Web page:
Game of Thrones Explainer: Week 4

This is our weekly feature where I clarify some of the people, places, and relationships covered in each week’s episode of Game of Thrones.  This is a dense world and a lot of information is being dumped on new viewers all at once, and I imagine that more than a few of you might be struggling to sort it all out.  I’m not going to spoil anything that’s upcoming, I’m just going to look at what we actually saw and clarify who is who and what is what, in case you missed it in the metric ton of exposition delivered by the characters.  After the jump, our new material in episode four, “Cripples, Bastards and Broken Things.”


Rodrik Cassel  Ser Rodrick Cassel: Master-at-arms of Winterfell.  When home at Winterfell, he is in charge of the castle’s defenses and the training of its occupants.  Wise and strong, he has fought many battles in his time, and is Cat’s companion on her trip down to King’s Landing and back.

Hodor  Hodor: A  huge stableboy in Winterfell, not totally right in the head (the only word he can say is “Hodor,” though he seems to understand other people when they speak to him).  He becomes Bran’s companion and mode of transport, carrying the now crippled Bran around the castle.  Grandson of Old Nan.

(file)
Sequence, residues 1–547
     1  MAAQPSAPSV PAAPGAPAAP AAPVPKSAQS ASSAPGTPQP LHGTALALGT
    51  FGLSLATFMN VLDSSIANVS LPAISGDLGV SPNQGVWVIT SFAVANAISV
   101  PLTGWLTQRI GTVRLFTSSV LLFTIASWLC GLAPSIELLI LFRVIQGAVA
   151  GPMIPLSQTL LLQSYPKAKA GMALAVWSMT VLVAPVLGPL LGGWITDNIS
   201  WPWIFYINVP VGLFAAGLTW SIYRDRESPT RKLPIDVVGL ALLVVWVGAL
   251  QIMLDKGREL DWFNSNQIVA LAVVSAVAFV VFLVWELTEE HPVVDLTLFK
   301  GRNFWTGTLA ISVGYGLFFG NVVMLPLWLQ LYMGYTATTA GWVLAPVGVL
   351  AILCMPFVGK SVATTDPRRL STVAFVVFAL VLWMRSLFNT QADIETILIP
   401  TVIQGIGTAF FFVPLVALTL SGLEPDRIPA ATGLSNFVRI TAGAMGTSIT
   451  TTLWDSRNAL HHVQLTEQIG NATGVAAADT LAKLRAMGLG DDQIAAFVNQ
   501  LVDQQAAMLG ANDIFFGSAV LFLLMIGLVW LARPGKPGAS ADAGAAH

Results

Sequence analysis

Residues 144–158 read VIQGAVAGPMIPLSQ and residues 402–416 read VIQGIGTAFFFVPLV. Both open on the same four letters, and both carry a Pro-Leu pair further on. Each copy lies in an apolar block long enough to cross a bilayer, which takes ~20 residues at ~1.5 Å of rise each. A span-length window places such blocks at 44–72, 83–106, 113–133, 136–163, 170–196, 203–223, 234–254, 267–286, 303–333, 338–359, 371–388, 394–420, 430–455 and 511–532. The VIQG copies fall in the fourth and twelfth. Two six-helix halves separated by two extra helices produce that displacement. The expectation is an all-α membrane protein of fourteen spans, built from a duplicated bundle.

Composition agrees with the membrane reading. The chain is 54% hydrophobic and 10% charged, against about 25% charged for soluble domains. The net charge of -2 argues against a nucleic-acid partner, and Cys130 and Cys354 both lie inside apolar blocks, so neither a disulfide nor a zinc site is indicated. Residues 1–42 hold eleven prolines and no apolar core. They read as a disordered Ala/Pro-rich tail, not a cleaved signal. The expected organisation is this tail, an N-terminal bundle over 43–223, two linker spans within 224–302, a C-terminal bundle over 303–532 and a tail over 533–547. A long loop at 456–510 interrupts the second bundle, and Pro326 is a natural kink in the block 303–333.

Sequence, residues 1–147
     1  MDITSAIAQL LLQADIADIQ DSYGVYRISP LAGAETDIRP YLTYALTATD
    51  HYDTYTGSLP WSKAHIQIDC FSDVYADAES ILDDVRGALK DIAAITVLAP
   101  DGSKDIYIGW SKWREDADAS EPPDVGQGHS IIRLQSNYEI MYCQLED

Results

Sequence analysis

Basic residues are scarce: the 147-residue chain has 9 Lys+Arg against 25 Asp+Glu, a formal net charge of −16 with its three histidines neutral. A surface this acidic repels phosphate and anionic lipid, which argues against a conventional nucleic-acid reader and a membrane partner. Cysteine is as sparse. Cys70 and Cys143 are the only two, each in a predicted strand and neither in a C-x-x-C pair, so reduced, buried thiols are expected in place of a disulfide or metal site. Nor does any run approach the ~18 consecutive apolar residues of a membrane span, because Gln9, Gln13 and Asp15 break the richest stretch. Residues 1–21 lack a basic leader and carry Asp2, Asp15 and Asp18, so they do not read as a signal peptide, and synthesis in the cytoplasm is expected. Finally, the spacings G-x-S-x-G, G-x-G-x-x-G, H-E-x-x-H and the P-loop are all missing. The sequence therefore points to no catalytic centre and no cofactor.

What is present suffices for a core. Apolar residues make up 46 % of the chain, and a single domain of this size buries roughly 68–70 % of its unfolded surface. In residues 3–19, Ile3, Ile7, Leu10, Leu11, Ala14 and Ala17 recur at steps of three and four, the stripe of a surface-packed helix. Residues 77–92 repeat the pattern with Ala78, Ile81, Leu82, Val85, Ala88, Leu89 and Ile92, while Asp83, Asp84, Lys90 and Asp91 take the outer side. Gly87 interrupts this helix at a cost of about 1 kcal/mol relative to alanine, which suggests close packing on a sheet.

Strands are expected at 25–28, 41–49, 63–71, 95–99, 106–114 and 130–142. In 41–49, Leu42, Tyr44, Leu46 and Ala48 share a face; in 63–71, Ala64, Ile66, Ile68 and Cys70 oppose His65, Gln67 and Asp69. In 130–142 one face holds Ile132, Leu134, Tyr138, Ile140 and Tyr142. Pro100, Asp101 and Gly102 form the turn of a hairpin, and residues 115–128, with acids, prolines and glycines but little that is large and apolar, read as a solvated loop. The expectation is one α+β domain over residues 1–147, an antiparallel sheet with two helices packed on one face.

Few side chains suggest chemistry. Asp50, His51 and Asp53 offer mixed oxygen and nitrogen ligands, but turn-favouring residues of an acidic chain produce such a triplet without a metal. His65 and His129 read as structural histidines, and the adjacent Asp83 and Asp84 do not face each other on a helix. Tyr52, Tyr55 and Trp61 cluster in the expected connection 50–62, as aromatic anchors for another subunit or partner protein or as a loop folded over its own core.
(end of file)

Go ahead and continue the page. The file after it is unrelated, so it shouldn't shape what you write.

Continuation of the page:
Old Nan  Old Nan: A storyteller and nurse (was the nurse to Ned’s parents or grandparents, they’re never clear on that, but suffice to say she is super old), she tries to impart wisdom to the current crop of Stark children.

Septa Mordane  Septa Mordane: Sansa’s tutor and babysitter.  Kind of a buzzkill.

Ser Gregor Clegane"The Mountain"  Ser Gregor Clegane: Known as The Mountain (in the book it’s The Mountain that Rides, but whatever), he is cruelest and most feared knight in Westeros.  He stands well over seven feet tall, yet the most outsized thing about him is the list of atrocities he’s committed while in the employ of House Lannister.  It was certainly no coincidence that his tournament lance ended up in the throat of Ser Hugh of the Vale, as dead men can tell no tales that might harm Ser Gregor’s masters.  He is the brother of Sandor Clegane, The Hound.  As Littlefinger tells Sansa, the horrible scars on The Hound’s face were given to him as a child by Ser Gregor, who held his brother’s face in a fire after he found him playing with his toy.

House Mormont  Ser Alliser Thorne: Master-at-arms of Castle Black.  A cruel and cold man, he is responsible for the training of new recruits to the Night’s Watch.  Hates Jon, and bestows upon him the mocking nickname “Lord Snow.”  Might hate Sam even more, and dubs him “Ser Piggy.”  Probably a cannibal. (A note of explanation about the pics, HBO doesn’t have little thumbnails for the Night’s Watch, so instead I’m using the thumbnail of the sigil of House Mormont, since Jeor Mormont is the current Lord Commander)